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The death of a Korean marine became a threat to impeach the President

South Korean marines were deployed after monsoon rains flooded a rural area in the center of the country last July. They were searching for missing residents in waist-high flood waters but they were not wearing life jackets. They also don’t have floats or safety tubes.

As the ground gave way, five of them were swept away in the rushing brown water and one, Lance Cpl. Chae Su-geun disappeared downstream, called for help, and was later found dead.

Nearly a year later, the death of the 20-year-old Marine became an impeachment threat against South Korea’s leader, President Yoon Suk Yeol. And it has raised the risk of political instability in the country, a key US ally in creating a bulwark against North Korea And China.

The Korean army is no longer strange tragic accidentBut this latest episode has developed into the first major political crisis for Mr. Yoon since his party pathetic failure in last month’s parliamentary election. The career military officer who investigated Lance Corporal Chae’s death has accused the Ministry of National Defense of whitewashing the investigation and absolving military superiors of responsibility – all under pressure from Mr. Yoon.

Mr. Yoon did not directly address the allegation, and last week the president vetoed a bill introduced by the opposition in Congress calling for a special prosecutor to investigate the allegations. The president wants government agencies such as police and prosecutors to complete their investigation of the various allegations before discussing further steps.

But there is broad public support for the appointment of a special prosecutor, survey shows, because many Koreans increasingly distrust Mr. Yoon and government prosecutors. Opponents of Mr. Yoon say that while prosecutors have brought up criminal investigation on his criticism and journalist accused of spreading “fake news”, they have not investigated the corruption allegations against his wife, Kim Keon Hee, with the same eagerness. (This and a series of other scandals contributed Mr. Yoon’s poor performance in last month’s election.)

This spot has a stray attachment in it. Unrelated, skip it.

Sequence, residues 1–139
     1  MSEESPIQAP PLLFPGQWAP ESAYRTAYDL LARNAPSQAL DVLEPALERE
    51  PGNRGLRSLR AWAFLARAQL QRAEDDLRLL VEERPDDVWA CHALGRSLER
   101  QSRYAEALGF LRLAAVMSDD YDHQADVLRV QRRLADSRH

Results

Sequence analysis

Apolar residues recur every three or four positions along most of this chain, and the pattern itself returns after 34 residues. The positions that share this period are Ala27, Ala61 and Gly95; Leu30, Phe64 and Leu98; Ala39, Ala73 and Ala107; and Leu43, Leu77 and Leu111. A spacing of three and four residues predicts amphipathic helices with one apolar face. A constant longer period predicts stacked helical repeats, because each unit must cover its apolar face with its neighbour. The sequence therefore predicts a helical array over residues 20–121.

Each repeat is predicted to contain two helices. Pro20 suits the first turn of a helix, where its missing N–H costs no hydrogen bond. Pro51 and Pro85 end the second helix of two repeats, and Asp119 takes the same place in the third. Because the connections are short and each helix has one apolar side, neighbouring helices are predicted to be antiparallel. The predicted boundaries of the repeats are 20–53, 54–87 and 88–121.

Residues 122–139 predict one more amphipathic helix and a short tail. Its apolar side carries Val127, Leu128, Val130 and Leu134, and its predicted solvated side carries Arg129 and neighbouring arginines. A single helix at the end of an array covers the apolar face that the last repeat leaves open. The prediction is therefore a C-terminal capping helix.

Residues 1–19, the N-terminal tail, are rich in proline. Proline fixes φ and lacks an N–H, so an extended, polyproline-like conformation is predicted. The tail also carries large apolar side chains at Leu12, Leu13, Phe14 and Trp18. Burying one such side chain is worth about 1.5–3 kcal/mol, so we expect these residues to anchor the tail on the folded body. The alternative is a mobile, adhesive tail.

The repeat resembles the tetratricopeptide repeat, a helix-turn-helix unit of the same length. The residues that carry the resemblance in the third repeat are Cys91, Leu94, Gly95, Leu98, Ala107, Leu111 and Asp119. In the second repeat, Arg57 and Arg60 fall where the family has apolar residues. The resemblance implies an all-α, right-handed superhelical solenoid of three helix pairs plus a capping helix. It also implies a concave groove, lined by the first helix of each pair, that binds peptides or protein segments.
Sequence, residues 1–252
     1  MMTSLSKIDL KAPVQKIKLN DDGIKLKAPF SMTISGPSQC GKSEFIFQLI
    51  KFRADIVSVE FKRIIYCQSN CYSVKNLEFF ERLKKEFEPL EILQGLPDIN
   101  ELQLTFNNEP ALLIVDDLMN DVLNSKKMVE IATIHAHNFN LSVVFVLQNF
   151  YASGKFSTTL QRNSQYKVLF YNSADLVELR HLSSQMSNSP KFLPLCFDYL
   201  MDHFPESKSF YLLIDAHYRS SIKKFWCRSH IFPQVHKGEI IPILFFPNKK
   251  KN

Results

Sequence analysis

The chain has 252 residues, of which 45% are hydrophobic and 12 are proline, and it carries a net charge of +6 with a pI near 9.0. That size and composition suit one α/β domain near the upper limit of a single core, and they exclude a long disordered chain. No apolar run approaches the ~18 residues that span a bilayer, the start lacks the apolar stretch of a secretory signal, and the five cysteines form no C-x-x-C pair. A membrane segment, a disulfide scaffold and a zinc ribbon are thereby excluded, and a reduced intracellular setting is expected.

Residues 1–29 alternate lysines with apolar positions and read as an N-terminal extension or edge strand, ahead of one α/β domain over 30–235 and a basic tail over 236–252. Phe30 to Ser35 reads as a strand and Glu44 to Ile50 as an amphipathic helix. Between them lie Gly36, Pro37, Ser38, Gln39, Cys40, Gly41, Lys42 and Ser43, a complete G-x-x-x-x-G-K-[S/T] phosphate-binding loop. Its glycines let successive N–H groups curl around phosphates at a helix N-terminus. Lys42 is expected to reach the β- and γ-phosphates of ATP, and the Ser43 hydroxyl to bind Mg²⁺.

The opposition has threatened to begin impeachment proceedings against Mr. Yoon if he continues to resist their demands.

“The Yoon regime should not forget the lessons of history,” said Lee Jae-myung, leader of the liberal opposition, referring to former presidents who have been jailed or impeached for corruption and abuse. power.

The opposition holds a larger majority in the newly elected National Assembly, which opened on Thursday. It plans to pass another special prosecution bill but it remains to be seen whether it has the votes to override the president’s veto or has enough public support and evidence to charge against the president. to Mr. Yoon to start impeachment proceedings against him or not.

Days after Corporal Chae’s death, an investigation conducted by the Korean Marine Corps concluded that he and his fellow Marines were not issued life jackets or safety tubes. The knee-high rubber boots they were issued hindered their movement in the water. The military has admitted to safety lapses.